FONTANA, Calif. — There were no hugs, handshakes or high-fives Tuesday morning at Juniper Elementary School, where the student drop-off line had transformed into a school lunch drive-thru.


“Hi! How many?” asked school cafeteria manager Irene Huerta, 54, as she smiled and leaned toward an open car window.

Then she handed over three hot, bagged lunches (taquitos and vegetables) and a breakfast bundle for the next morning (muffins), each meal supplemented with fruit and milk.

“Thank you!” three car-bound kids yelled as their chauffeurs — haggard parents — rolled out of the parking lot and back home, a place that for many families has become a schoolhouse, day care center and holding pen since COVID-19 forced schools to close.

In less than two hours, Huerta and her colleagues handed meals to 329 children on this, the second day of their drive-thru service. By the end of the day Thursday, after four days of distributing meals, the district had given out 6,847 breakfast and lunch packages, the district said.


Irene Huerta runs the cafeteria at Juniper Elementary School in Fontana, California.(Anna Almendrala/KHN)

Huerta is in charge of the school’s grab-and-go meal program, which gives every child under 18 a free lunch and breakfast during school closures related to COVID-19. (Anna Almendrala/KHN)

About 99% of California schools have shuttered to try to stem the spread of the novel coronavirus, Gov. Gavin Newsom said. Most states have decided to close all of their public schools.

About 6.1 million children in California — among at least 44 million nationwide — are shut out of their classrooms. That means the most vulnerable students could lose the one place they rely on for a nutritious meal.

The uncertainty could last for months because schools could be closed the rest of the academic year, Newsom said.

In California, nearly 60% of children qualify for free or reduced-price meals from their schools, according to the state Department of Education.


“Food banks know firsthand that kids are hungriest when schools are closed, and that’s typically in the summer or during breaks,” said Andrew Cheyne, director of government affairs at the California Association of Food Banks.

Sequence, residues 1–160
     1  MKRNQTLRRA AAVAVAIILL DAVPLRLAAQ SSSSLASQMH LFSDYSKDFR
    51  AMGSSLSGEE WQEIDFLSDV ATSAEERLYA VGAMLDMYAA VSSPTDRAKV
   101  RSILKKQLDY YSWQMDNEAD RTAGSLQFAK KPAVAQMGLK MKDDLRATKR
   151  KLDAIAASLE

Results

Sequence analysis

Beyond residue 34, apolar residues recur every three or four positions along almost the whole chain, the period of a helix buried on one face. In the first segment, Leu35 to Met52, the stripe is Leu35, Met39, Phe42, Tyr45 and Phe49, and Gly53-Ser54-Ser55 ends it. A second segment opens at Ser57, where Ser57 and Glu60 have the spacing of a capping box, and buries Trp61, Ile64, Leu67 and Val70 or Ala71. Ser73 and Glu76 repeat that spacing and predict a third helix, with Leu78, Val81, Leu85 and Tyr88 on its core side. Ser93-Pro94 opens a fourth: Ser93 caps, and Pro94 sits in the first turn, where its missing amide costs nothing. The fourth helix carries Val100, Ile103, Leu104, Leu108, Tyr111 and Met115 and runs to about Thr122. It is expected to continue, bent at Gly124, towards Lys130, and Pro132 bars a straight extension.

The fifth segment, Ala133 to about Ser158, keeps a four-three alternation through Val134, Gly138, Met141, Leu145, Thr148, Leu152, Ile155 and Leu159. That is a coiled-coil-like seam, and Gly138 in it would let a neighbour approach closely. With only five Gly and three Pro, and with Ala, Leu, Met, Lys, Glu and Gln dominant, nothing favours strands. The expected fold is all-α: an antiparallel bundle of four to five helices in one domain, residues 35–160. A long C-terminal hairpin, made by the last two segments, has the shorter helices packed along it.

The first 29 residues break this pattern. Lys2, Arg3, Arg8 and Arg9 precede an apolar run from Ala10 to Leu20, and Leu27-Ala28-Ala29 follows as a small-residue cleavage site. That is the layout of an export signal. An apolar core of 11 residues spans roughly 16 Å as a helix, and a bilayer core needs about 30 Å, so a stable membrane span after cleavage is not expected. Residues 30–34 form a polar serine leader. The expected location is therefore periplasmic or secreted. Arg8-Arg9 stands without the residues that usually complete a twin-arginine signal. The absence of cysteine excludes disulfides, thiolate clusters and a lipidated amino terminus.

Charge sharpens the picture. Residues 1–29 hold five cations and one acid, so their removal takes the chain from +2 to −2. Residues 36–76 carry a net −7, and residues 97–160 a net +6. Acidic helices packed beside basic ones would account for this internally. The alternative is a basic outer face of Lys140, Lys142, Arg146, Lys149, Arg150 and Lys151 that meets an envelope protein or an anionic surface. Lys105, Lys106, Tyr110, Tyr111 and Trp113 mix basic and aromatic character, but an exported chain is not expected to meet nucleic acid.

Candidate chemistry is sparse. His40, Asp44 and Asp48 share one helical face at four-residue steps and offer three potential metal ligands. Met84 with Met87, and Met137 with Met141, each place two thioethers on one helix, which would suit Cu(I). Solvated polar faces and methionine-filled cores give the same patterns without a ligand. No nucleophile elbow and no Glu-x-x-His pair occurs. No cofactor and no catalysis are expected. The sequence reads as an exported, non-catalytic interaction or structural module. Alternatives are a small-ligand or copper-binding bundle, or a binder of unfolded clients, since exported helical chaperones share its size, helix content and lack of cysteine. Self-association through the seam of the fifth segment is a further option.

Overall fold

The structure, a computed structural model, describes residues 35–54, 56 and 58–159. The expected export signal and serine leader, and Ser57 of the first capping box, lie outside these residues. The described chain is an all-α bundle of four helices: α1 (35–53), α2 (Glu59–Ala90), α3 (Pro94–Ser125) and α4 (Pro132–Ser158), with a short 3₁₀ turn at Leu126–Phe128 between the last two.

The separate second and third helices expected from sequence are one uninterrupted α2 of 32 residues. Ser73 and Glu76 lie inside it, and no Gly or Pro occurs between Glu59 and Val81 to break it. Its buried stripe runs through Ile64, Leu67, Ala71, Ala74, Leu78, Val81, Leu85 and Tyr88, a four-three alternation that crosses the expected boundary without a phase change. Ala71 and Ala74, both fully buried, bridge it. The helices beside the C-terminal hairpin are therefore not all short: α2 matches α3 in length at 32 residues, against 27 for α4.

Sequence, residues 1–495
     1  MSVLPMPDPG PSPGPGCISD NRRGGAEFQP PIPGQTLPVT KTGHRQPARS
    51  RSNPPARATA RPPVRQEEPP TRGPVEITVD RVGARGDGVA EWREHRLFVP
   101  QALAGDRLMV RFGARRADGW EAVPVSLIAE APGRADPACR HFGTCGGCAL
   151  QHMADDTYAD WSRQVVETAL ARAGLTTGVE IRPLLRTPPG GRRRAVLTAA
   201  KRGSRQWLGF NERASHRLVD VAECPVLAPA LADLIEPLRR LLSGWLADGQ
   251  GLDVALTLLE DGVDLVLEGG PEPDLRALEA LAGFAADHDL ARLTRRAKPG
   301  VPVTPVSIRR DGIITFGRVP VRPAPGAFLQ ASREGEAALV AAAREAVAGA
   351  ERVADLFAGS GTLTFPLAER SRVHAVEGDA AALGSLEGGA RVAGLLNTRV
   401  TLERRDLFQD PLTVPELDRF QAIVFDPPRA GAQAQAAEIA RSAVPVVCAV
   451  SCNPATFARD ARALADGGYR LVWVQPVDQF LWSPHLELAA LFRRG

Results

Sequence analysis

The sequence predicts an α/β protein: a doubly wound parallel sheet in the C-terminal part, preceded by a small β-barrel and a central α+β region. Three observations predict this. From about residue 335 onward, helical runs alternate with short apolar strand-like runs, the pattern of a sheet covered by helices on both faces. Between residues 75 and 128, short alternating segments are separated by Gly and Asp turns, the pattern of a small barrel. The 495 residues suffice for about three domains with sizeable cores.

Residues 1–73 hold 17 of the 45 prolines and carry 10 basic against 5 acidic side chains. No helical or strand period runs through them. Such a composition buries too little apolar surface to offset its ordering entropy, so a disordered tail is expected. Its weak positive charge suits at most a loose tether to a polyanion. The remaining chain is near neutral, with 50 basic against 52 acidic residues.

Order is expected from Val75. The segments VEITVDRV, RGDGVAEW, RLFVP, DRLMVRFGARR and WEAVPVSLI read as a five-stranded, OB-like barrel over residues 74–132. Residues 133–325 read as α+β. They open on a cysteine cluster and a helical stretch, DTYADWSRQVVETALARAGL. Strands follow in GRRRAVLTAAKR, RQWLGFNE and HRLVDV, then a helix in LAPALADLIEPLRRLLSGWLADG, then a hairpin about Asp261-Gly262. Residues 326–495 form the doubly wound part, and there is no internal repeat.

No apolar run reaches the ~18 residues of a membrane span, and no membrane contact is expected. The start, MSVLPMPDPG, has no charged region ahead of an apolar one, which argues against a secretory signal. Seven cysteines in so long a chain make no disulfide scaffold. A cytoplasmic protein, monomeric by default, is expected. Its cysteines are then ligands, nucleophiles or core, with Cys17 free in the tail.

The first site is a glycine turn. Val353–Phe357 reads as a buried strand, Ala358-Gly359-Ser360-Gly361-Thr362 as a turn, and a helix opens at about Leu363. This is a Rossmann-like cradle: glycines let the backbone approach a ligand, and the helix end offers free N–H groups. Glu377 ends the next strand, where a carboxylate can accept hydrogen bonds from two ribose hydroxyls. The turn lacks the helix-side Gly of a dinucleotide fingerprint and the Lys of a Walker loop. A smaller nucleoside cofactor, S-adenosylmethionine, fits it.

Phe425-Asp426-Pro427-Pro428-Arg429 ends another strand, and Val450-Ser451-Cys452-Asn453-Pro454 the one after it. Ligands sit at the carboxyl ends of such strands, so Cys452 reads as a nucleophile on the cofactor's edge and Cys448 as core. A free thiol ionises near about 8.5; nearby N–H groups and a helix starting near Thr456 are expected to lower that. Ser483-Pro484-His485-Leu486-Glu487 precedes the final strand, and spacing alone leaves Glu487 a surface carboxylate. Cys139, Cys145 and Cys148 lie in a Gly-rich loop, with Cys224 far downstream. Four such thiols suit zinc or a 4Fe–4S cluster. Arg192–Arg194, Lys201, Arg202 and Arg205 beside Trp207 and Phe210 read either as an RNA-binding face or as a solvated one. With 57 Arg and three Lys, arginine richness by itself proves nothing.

It’s one more impact of the virus that has sickened at least 675 Californians and led to more than 15 deaths. Nationwide, there have been at least 14,250 cases and more than 200 deaths.

The U.S. Department of Agriculture is giving schools affected by COVID-19 closures more flexibility to continue providing meals without having to meet the federal requirement that students eat on-site. So far, California schools have submitted applications for more than 3,100 emergency lunch sites to the state Department of Education, said department spokesperson Jonathan Mendick.

At Fontana Unified School District in San Bernardino County, 84% of its 36,300 students qualify for free or reduced-price lunches. Because of the high level of need in the district, nearly all of its 44 schools allow all students to eat for free.

Ten schools are offering the grab-and-go programs from 11 a.m. to 12:30 p.m. on weekdays. The cafeteria and district workers staffing the drive-thrus receive their regular wages.

Dawn Reyes picks up a meal at Golden Springs Elementary School in Diamond Bar, California, for her 6-year-old daughter, Grace. Reyes’ husband is a server in a restaurant, and his hours have dropped sharply.(Anna Almendrala/KHN)

Cafeteria workers at the Juniper Elementary drive-thru Tuesday wore hairnets, aprons and gloves. Huerta, who was handing the food to families in their cars, was not wearing these items.